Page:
10. Discovery of a Novel Linoleate Dioxygenase of Fusarium oxysporum and Linoleate Diol Synthase of Colletotrichum graminicola.

    Science.gov (United States)

    Sooman, Linda; Oliw, Ernst H

    2015-12-01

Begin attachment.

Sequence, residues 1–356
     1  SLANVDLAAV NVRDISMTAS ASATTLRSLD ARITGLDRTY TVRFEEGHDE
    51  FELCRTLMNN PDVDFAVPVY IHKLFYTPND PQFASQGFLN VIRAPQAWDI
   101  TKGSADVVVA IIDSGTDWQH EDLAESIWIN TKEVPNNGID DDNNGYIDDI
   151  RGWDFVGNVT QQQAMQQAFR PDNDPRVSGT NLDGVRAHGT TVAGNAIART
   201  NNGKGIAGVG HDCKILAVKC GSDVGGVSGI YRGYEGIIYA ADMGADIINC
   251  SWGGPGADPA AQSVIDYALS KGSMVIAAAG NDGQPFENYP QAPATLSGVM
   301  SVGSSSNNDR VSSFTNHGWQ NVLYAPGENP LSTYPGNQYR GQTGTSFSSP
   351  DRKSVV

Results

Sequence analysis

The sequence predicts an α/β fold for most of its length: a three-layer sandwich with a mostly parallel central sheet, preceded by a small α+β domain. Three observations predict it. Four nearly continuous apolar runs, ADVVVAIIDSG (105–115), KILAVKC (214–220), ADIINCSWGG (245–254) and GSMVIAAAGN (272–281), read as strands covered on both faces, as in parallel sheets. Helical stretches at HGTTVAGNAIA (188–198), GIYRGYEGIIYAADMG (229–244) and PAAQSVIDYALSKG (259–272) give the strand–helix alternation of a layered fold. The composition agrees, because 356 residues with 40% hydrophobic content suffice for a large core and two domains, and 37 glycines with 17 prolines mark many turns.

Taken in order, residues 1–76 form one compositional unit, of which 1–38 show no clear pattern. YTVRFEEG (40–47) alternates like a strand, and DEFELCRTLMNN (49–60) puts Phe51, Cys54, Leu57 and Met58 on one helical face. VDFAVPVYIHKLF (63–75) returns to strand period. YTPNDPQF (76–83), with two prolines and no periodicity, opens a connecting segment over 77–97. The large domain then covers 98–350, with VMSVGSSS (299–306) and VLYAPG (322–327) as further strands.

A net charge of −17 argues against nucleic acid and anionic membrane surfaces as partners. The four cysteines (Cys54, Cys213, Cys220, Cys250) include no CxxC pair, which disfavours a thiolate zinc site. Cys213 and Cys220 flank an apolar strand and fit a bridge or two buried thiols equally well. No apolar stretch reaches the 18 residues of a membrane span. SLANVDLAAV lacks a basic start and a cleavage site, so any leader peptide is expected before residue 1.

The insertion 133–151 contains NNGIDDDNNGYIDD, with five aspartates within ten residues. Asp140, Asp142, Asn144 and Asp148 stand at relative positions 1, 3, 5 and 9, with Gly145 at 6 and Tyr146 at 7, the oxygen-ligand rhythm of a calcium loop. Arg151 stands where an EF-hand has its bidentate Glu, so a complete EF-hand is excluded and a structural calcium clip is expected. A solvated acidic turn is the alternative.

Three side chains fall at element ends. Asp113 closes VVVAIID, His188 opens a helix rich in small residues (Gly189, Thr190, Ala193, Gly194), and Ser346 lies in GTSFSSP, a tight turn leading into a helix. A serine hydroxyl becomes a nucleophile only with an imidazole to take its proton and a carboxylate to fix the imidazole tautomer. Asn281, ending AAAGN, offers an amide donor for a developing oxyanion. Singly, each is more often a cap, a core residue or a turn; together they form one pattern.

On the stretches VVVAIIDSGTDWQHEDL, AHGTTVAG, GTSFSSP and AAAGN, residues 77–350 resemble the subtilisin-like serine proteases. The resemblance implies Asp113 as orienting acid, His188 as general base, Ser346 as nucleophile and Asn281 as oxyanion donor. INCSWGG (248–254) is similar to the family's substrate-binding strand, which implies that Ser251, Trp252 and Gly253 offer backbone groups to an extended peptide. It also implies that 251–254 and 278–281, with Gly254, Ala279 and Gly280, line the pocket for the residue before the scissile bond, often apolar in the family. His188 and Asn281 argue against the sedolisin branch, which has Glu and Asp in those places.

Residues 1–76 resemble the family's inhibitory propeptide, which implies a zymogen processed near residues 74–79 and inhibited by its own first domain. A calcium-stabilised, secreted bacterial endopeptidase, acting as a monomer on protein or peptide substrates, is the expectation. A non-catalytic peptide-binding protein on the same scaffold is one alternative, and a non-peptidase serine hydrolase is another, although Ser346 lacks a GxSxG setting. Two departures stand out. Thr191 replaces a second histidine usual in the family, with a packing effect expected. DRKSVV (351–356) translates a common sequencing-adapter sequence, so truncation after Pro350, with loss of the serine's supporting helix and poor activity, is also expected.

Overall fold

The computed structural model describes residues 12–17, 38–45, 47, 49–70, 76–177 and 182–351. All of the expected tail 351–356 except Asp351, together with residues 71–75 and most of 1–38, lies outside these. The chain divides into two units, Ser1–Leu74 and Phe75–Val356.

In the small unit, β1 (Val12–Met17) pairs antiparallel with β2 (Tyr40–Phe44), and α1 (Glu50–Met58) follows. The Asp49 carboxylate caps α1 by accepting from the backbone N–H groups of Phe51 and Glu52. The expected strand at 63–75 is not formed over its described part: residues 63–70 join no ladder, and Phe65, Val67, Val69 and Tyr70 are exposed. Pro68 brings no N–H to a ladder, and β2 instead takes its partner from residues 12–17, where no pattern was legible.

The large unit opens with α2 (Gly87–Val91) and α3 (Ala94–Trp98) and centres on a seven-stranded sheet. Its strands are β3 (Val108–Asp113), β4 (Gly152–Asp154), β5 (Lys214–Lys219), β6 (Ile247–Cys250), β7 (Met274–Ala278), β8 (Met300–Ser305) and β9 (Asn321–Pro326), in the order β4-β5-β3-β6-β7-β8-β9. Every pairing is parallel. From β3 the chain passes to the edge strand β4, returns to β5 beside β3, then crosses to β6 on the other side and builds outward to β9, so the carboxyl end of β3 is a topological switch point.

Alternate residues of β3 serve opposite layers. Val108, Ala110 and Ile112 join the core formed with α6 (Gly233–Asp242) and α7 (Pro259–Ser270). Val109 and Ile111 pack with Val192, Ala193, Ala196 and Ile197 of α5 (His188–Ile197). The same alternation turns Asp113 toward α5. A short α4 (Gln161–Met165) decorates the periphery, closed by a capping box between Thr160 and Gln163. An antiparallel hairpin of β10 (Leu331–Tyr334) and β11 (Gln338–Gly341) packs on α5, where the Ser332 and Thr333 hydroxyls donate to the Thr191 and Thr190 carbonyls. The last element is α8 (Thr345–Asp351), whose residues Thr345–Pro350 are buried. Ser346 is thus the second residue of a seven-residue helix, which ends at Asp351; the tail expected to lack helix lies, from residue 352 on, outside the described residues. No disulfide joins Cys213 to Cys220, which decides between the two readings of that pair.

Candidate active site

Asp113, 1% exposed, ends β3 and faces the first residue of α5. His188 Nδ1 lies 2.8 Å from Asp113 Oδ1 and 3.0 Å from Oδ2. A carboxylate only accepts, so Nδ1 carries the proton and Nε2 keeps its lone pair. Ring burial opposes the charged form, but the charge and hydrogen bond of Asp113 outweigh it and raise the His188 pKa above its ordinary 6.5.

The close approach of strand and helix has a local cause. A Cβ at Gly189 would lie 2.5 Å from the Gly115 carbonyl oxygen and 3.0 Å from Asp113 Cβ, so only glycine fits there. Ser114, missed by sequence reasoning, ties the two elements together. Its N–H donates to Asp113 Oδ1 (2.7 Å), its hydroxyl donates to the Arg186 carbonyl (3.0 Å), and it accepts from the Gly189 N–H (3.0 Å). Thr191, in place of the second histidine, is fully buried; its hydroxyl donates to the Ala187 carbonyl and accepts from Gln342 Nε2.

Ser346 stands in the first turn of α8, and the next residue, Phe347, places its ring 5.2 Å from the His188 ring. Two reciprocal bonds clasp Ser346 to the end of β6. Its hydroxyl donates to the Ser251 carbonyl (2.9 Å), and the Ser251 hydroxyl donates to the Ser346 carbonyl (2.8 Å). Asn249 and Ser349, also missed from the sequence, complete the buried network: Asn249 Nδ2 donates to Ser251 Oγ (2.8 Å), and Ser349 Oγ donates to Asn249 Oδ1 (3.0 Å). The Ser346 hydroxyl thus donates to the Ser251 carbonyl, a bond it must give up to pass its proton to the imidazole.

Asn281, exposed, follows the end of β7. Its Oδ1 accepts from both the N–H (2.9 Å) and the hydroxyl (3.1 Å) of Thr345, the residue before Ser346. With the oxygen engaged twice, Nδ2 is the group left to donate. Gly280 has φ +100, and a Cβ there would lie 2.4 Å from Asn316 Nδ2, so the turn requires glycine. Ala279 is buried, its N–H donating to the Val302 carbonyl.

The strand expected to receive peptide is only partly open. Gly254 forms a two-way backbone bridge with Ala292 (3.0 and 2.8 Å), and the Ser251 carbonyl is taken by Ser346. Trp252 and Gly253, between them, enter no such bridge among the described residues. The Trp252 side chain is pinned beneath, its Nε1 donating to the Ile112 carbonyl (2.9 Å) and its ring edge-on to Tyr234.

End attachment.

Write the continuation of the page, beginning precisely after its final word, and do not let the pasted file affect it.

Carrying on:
Fungal pathogens constitute serious threats for many forms of life. The pathogenic fungi Fusarium and Colletotrichum and their formae speciales (f. spp.) infect many types of crops with severe consequences and Fusarium oxysporum can also induce keratitis and allergic conditions in humans. These fungi code for homologues of dioxygenase-cytochrome P450 (DOX-CYP) fusion proteins of the animal heme peroxidase (cyclooxygenase) superfamily. The objective was to characterize the enzymatic activities of the DOX-CYP homologue of Colletotrichum graminicola (EFQ34869) and the DOX homologue of F. oxysporum (EGU79548). The former oxidized oleic and linoleic acids in analogy with 7,8-linoleate diol synthases (LDSs), but with the additional biosynthesis of 8,11-dihydroxylinoleic acid. The latter metabolized fatty acids to hydroperoxides with broad substrate specificity. It oxidized 20:4n-6 and 18:2n-6 to hydroperoxides with an R configuration at the (n-10) positions, and other n-6 fatty acids in the same way. [11S-(2)H]18:2n-6 was oxidized with retention and [11R-(2)H]18:2n-6 with loss of deuterium, suggesting suprafacial hydrogen abstraction and oxygen insertion. Fatty acids of the n-3 series were oxidized less efficiently and often to hydroperoxides with an R configuration at both (n-10) and (n-7) positions. The enzyme spans 1426 amino acids with about 825 residues in the N-terminal domain with DOX homology and 600 residues at the C-terminal domain without homology to other enzymes. We conclude that fungal oxylipins can be formed by two novel subfamilies of cyclooxygenase-related DOX.